Place rockfish skin side up on a cutting board. Using the back of a knife, firmly squeegee any moisture out of the skin, then blot dry with a paper towel.

Season skin side with salt; flesh side with salt and fish pepper. Portion fish into desired size filets. Set aside while preparing vegetables.

Remove hot skillet from oven and carefully add a swirl of oil, immediately add sweet potatoes. If potatoes do not sizzle vigorously in oil, place over high heat for a minute or two…add beans and corn, then herbs, season with salt and fish pepper, and toss to combine.

Return to oven. Cook until sweet potatoes are just tender, stir in butter, and spoon onto warmed serving platter. Wipe out hot pan with a paper towel.

Heat skillet over high heat. add oil to a depth of ¼”. VERY carefully place rockfish into skillet skin side down, being cautious not to splatter oil. Return to oven. After 3 minutes, check the fish skin -- it should be brown and crisp. Turn over and cook an additional 3-5 minutes, until just cooked through.

Arrange rockfish over vegetables on platter, and serve -- the sooner the better.

The Standard Edition Vol.1, No. 5

The Standard Edition Vol.1, No. 5

Life, Liberty, and The Pursuit of Cast Iron - How Our Humble Medium Had A Hand In Shaping The United States

We know we might be a little biased, but we’ve said it before and we’ll say it again, especially coming out of the historic month of July that holds our great nation’s Independence Day: the cast-iron skillet should be on the American flag. 

That’s right—a cast iron. And that’s because the age-old medium played a vital role in the very creation of this nation.

Mississippi chef John Currence shares the cast iron key to a summer fish fry.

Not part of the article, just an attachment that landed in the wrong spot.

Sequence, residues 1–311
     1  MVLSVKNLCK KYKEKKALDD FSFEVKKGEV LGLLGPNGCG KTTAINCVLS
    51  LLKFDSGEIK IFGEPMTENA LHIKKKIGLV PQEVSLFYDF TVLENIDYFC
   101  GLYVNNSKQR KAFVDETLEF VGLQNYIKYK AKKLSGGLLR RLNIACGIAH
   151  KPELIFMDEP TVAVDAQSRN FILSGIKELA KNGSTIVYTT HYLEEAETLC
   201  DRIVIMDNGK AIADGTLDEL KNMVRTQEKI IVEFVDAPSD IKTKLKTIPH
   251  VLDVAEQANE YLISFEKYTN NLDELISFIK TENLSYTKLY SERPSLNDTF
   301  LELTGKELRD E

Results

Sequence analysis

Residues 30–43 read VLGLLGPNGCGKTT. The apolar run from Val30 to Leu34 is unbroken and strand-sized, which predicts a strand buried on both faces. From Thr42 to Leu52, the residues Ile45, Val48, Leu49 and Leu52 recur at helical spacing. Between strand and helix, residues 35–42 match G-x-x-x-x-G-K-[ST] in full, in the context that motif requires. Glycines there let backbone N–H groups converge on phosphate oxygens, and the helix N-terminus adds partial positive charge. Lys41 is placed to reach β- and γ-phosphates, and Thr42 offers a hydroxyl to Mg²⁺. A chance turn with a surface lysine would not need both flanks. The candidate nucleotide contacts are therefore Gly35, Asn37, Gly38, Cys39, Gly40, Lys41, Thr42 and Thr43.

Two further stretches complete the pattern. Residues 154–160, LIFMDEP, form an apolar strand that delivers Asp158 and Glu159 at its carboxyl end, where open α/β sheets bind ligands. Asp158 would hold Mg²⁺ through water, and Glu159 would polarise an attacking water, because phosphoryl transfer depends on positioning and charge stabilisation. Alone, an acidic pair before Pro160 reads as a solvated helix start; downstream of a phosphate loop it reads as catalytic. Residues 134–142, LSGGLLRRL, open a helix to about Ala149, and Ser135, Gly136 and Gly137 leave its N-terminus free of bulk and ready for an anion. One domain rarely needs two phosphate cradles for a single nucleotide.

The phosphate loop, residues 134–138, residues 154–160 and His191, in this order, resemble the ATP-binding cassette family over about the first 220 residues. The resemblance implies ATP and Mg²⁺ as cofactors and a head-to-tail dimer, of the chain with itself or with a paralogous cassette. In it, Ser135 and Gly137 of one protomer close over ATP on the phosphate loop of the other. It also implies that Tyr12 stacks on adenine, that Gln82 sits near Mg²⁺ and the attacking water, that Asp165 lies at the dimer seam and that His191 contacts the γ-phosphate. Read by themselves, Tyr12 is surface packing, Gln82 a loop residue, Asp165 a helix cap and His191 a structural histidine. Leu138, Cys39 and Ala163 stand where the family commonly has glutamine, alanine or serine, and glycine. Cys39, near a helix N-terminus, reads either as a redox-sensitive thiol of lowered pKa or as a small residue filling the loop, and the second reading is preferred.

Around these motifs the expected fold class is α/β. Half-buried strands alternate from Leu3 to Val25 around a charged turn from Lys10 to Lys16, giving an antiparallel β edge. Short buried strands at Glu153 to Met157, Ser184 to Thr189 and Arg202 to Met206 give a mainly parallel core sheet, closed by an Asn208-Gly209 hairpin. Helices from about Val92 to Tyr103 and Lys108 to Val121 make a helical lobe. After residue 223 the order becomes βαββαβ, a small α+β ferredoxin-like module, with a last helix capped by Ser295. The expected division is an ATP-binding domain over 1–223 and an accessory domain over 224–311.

Before John Currence became a James Beard Award winning chef for his growing empire of restaurants in Oxford, Mississippi, his first real exposure to the state's unofficial seafood, catfish, was actually across the southern border, in his native Louisiana. 


“We grew up riding out to a little place outside of New Orleans called Middendorf’s that’s now been around for almost 90 years,” says Currence. “It’s literally in the middle of a swamp on the side of Interstate 55. When I was a kid, it had a little defunct gas station next door where inside they kept alligators and turtles and all this stuff we’d go and look at while trains were coming and going on a track that ran from New Orleans to Memphis right behind the restaurant. That’s where we’d go and eat catfish and coleslaw and green onions and hush puppies. It was an absolute delight.”




Spicy Buttermilk Fried Chicken

Recipe courtesy of Chef John Currence -- from an upcoming third cookbook; Photo Courtesy of Ed Anderson

The key to making this recipe, which is excellent fried chicken, is keeping the oil at temperature and not overloading the pan. If you’re worried about making a mess in your kitchen, move along. Bottom line is: you gotta break a few eggs to make an omelet. If you love fried chicken, no mess is enough to keep you from cooking…


8 bone-in, skin-on chicken thighs
1 quart FULL FAT buttermilk
1/2 cup Texas Pete hot sauce
3 teaspoons cayenne
3 teaspoons salt
3 cups White Lilly all-purpose flour
1 cup Wondra
2 teaspoons black pepper
2 teaspoons sweet paprika
1 1/2 teaspoons onion powder
1 1/2 teaspoons garlic powder
4 tablespoons lard
Vegetable oil for frying


  1. Wash chicken thoroughly and trim any excess skin from the thighs. Pat chicken dry and place on a cookie sheet, skin side up in the refrigerator. In the meantime, combine buttermilk, hot sauce, 1 1/2 teaspoons salt and 2 teaspoons cayenne pepper in a bowl and blend fully.
  2. Once chicken has finished in the refrigerator, place in buttermilk mix and chill overnight (or at least 2 hours). In a large freezer bag or brown paper grocery bag, combine flours, remaining salt, remaining cayenne, onion power and garlic powder and combine well.
  3. Heat lard and enough oil to go half way up the side of a 12-inch cast iron skillet to 350º. Pull chicken from buttermilk and allow to drain well. Working 2 thighs at a time, dust chicken in flour and set aside.
  4. Fry 4 thighs at a time only, turning every 5 minuets until chicken is golden brown and at an internal temperature of 155º.
  5. Drain on a cooling rack and eat immediately or later on in the evening after you have stayed out too late and not eaten enough...